It may also be possible to enter long mode with a DOS extender similar to DOS/4GW, but more complex since x86-64 lacks virtual 8086 mode. DOS itself is not aware of that, and no benefits should be expected unless running DOS in an emulation with an adequate virtualization driver backend, for example: the mass storage interface.

WindowsEdit

x86-64 editions of Microsoft Windows client and server, Windows XP Professional x64 Edition and Windows Server 2003 x64 Edition were released in March 2005. Internally they are actually the same build (5.2.3790.1830 SP1), as they share the same source base and operating system binaries, so even system updates are released in unified packages, much in the manner as Windows 2000 Professional and Server editions for x86. Windows Vista, which also has many different editions, was released in January 2007. Windows for x86-64 has the following characteristics:

  • 8 TB of "user mode" virtual address space per process. A 64-bit program can use all of this, subject of course to backing store limits on the system, and provided it is linked with the "large address aware" option. This is a 4096-fold increase over the default 2 GB user-mode virtual address space offered by 32-bit Windows.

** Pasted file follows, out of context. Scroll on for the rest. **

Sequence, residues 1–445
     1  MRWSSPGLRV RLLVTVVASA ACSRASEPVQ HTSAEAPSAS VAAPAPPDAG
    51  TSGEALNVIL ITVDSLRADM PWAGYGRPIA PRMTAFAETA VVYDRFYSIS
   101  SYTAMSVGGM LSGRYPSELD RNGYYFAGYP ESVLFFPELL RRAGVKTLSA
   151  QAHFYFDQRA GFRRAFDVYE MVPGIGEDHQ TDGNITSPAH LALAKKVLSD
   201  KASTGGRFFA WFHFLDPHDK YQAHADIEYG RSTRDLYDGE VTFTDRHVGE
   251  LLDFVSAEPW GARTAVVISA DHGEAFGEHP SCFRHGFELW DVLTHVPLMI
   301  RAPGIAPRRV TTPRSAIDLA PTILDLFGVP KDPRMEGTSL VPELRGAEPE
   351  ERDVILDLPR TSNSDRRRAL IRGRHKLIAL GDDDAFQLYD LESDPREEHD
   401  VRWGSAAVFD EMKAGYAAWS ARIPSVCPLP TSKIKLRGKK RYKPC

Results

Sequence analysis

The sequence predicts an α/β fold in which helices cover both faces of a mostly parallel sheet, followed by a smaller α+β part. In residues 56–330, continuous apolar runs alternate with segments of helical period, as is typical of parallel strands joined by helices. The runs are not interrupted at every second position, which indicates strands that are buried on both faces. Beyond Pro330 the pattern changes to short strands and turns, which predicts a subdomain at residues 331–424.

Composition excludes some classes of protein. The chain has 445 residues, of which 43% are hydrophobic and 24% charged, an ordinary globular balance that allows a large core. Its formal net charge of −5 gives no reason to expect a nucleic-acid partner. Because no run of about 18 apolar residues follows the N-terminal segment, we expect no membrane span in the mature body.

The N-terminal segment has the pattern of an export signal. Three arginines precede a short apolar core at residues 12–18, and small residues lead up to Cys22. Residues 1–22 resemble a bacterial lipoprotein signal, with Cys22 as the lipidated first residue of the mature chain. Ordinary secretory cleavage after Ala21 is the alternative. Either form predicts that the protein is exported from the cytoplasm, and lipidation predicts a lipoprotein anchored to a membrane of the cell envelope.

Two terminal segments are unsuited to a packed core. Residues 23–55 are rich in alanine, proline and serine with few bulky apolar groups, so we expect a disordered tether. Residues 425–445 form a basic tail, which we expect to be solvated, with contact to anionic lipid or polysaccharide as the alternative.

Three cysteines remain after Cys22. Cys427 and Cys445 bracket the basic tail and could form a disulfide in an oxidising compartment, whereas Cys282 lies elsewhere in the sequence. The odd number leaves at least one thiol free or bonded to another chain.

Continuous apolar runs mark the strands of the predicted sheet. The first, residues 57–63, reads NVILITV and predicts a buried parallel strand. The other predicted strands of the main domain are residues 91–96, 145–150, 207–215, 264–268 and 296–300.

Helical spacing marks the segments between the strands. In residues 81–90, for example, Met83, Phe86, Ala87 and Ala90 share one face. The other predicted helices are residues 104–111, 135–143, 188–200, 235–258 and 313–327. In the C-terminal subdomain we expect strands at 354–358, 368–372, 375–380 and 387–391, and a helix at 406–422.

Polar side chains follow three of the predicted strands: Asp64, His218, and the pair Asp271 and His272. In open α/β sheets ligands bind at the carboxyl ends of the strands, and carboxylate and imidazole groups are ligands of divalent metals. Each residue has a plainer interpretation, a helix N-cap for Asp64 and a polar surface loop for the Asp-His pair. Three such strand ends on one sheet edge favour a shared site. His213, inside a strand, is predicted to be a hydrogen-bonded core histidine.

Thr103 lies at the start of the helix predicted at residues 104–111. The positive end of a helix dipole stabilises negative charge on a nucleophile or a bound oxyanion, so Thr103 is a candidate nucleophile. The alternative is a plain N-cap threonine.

• 8 TB of kernel mode virtual address space for the operating system. As with the user mode address space,, this is a 4096-fold increase over 32-bit Windows versions. The increased space is primarily of benefit to the file system cache and kernel mode "heaps" (non-paged pool and paged pool). Windows only uses a total of 16 TB out of the 256 TB implemented by the processors because early AMD64 processors lacked a CMPXCHG16B instruction.
  • Ability to run existing 32-bit applications (.exe's) and dynamic link libraries (.dll's). Furthermore, a 32-bit program, if it was linked with the "large address aware" option, can use up to 4 GB of virtual address space in 64-bit Windows, instead of the default 2 GB (optional 3 GB with /3GB boot option and "large address aware" link option) offered by 32-bit Windows. Unlike the use of the /3GB boot option on x86, this does not reduce the kernel mode virtual address space available to the operating system. 32-bit applications can therefore benefit from running on x64 Windows even if they are not recompiled for the x64 processor.